Or is my hunch right? Is it unethical in some situations to preach the gospel?
I know that sometimes it is illegal to preach the gospel. And I suppose that some might argue that given our belief "in being subject to kings, presidents, rulers, magistrates, and obeying honoring and sustaining the law," the very fact that it is illegal makes it wrong. But I can't accept that as an absolute. That would mean that Daniel and the three Hebrew children were wrong to disobey their king. It would also mean that Helmut Hubner was wrong to oppose Hitler. Scripture and conscience don't allow those conclusions for me.
Maybe a discussion of "ethical" would be helpful. I've always liked Kant's expression that it is unethical to use a human being for the benefit of another because it is a nice critique of hard materialist utilitarianism. I'm not sure how that relates to my question, though. Preaching the gospel is not using anyone. I suppose I am using the situation, but it is not for my benefit, but for the benefit of the other. Then again, perhaps I am not qualified to decide what is in another's best interest because that would rob him of a sacred autonomy. A utilitarian ethicist would simply balance the potential harm from me preaching the gospel against the potential good it would do. But this doesn't work here because the potential good is infinite, great enough to justify the spilling of God's blood. How can you balance anything against infinity?
Ethics is weird for me because I feel like I have a pretty strong sense of right and wrong, but it is highly intuitive sense, not a rational sense. For me, the abuse or misuse of authority of authority is important to ethics. The idea of trust and its betrayal is also an important ingredient. Maybe this idea subsumes the former; a misuse of authority is fundamentally a betrayal of trust. If it is unethical to preach the gospel, maybe it is ethics that is flawed. Ethics for me is a matter of conscience, but is defined to most of the world by philosopher and scholars working in rational proofs.
Should ethics be defined by reason or by intuition? Is religion (and with it the injunction to preach to all the world) superior to ethics because it is revealed truth rather than merely rational or intuitive truth? Then again, given what we Mormons believe about the light of Christ, what is the difference between revealed truth and intuitive truth?
Or is it just that there are exceptions to the command to take the gospel to all the world? I don't like the idea of there being exceptions because it might lead us to assume that some people's immediate spiritual salvation is worth less than others' to God. The Lord certainly doesn't qualify it in scriptural language. But then again he also doesn't qualify "thou shalt not kill" and yet we accept that he appears to command Abraham, Joshua, Nephi, and others to do just that. If there are exceptions to the mission to proclaim the gospel, is there a way to recognize these exceptions without giving room to justify laziness in our mission?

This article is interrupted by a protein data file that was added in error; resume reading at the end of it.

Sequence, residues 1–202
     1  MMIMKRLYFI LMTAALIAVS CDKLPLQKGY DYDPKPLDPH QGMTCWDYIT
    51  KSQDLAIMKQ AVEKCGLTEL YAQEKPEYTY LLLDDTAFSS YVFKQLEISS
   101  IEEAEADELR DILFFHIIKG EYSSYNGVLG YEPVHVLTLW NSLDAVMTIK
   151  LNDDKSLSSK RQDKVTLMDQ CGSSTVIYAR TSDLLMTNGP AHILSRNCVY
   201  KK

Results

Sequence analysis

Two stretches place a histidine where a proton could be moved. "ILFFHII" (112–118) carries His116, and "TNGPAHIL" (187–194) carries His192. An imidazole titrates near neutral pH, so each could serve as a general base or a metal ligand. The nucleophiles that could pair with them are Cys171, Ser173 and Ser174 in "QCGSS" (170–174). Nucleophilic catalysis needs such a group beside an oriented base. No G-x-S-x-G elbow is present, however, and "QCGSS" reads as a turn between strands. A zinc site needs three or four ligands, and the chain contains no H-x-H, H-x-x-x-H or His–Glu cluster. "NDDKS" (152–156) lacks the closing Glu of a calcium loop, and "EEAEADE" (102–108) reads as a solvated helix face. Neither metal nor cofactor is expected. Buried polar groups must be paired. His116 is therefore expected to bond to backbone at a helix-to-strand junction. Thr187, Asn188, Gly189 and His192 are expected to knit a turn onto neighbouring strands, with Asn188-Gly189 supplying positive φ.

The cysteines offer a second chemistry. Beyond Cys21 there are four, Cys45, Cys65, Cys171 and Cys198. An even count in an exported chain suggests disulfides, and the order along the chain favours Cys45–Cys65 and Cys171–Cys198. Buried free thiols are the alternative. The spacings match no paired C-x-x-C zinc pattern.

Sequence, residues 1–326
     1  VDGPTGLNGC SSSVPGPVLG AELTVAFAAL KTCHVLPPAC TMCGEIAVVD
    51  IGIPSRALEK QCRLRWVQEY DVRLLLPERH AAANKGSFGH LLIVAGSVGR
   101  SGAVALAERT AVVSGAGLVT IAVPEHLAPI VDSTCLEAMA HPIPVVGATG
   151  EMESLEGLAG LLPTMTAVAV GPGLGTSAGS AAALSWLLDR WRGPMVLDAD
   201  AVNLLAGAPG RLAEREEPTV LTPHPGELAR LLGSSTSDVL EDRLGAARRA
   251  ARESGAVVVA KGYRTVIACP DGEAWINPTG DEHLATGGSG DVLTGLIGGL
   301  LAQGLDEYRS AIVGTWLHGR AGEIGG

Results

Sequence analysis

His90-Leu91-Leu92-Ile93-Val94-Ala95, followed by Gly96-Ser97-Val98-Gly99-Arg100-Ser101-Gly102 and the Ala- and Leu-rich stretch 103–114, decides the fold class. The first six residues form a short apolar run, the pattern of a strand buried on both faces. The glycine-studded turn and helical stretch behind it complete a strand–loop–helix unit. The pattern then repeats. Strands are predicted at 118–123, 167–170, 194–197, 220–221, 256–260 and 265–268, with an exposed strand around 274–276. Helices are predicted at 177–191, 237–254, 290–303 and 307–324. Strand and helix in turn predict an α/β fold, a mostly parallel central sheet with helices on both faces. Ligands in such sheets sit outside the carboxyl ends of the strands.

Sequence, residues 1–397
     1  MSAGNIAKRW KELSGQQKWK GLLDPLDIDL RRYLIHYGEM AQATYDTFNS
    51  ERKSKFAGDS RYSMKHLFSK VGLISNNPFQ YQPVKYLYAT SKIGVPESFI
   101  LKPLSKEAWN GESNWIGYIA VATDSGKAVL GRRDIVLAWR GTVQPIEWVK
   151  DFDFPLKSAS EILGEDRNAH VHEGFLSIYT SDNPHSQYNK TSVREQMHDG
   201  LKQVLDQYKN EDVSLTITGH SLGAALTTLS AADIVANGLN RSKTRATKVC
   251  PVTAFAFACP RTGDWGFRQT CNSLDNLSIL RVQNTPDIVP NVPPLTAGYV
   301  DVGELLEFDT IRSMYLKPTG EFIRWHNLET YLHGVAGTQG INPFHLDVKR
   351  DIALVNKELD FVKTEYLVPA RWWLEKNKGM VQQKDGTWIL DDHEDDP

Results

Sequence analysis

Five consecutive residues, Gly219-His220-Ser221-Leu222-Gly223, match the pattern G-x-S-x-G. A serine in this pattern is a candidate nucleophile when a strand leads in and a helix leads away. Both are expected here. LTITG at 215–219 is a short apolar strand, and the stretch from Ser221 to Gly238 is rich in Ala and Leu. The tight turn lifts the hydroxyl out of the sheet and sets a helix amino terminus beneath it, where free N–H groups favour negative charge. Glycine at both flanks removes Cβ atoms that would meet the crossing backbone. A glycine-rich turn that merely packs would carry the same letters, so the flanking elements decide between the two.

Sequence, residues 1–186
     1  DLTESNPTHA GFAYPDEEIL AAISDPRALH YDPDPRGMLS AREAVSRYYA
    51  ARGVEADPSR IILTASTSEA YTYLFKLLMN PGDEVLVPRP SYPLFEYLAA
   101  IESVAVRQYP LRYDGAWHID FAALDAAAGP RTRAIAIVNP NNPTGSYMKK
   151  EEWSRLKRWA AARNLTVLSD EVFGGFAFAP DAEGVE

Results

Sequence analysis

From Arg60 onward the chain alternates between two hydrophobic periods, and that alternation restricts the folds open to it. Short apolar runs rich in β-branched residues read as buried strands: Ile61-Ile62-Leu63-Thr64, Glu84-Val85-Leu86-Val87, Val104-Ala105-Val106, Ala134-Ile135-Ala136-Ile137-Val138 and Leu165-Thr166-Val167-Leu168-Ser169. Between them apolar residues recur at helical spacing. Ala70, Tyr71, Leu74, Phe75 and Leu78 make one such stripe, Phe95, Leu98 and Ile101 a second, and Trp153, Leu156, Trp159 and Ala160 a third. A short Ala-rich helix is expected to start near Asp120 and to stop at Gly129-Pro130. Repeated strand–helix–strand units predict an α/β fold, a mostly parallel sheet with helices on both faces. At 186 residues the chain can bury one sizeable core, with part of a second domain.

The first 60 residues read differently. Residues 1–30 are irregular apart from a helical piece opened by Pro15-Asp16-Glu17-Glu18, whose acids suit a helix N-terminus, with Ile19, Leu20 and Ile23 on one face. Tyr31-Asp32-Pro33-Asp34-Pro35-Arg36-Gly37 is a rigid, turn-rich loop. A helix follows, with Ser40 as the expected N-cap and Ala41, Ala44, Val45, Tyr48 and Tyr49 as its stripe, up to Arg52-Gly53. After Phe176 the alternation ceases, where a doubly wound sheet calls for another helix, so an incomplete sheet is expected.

But maybe the exceptions idea isn't the right approach. Maybe it's not a matter of if this particular person or group should hear the gospel, but when. I think of the 11th hour laborers. The fact that they were called later did not devalue their labor. In fact, their work was worth more to the lord per hour in strict economic terms. Given what we believe about our post-mortal life, the universalism of the command can still stand even if current circumstances render it impossible, impractical, or even unethical.
But there's always that nagging voice in the back of your mind, telling you that you're still just trying to justify yourself.
Monday, August 6, 2007
In keeping with the Shark's last cinematographicus entry, here's review of another movie about stage magic. No, it's not A Very Siegfried and Roy Christmas or David Copperfield live at the Acropolis. Nor is it Too Legit: The Harry Houdini Story. It's Christopher Nolan's The Prestige. This movie is like The Illusionist because stage magic plays a role in the plot. It's unlike The Illusionist because it is good.
Constants in Christopher Nolan movies appear to be Christian Bale, Michael Caine, flashbacks, themes of manipulation and obsession, foreign prisons, and flights of technological fancy. The Prestige heaps on a hefty dose of all of the above. The basic idea is that a tragic event divides two friends, it grows into a high-profile stage rivalry, and ends up consuming one character whose passion for revenge exceeds everything. Throw in a little techno-fantasy, and there you have it. Basically, it's what would result if The Phantom of the Opera had a child with The Count of Monte Cristo and the child were raised by H.G. Wells.
A major strength of The Prestige is its cast. David Bowie as the semi-mad scientist Nikola Tesla was a casting triumph. Scarlet Johansen was perfectly adequate. She said little and portrayed even less. Her character is ittle more than a pretty face; it was a role well-adapted to her acting abilities. Caine, Bale, and Jackman all held up their reputations for excellence.
Now on to dramatic structure. Most films are linear. They primarily rely on the talents of the actors or the wittiness of the dialogue. Think Shakespeare adaptations, Jane Austen adaptations, and most romantic comedies (most which are essentially variations on Austen or Shakespeare). Others jump around a lot because they're constantly trying to surprise you. Think of the Mission: Impossible franchise, and the Pirates of the Caribbean franchise, which both accelerated this technique increasingly until it spun out of control. Both the linear structure and the surprise structure, though, rely on a passive relationship with the viewer. The viewer is there to be entertained, scared, delighted, or surprised, but not to take an active role in the development of the plot.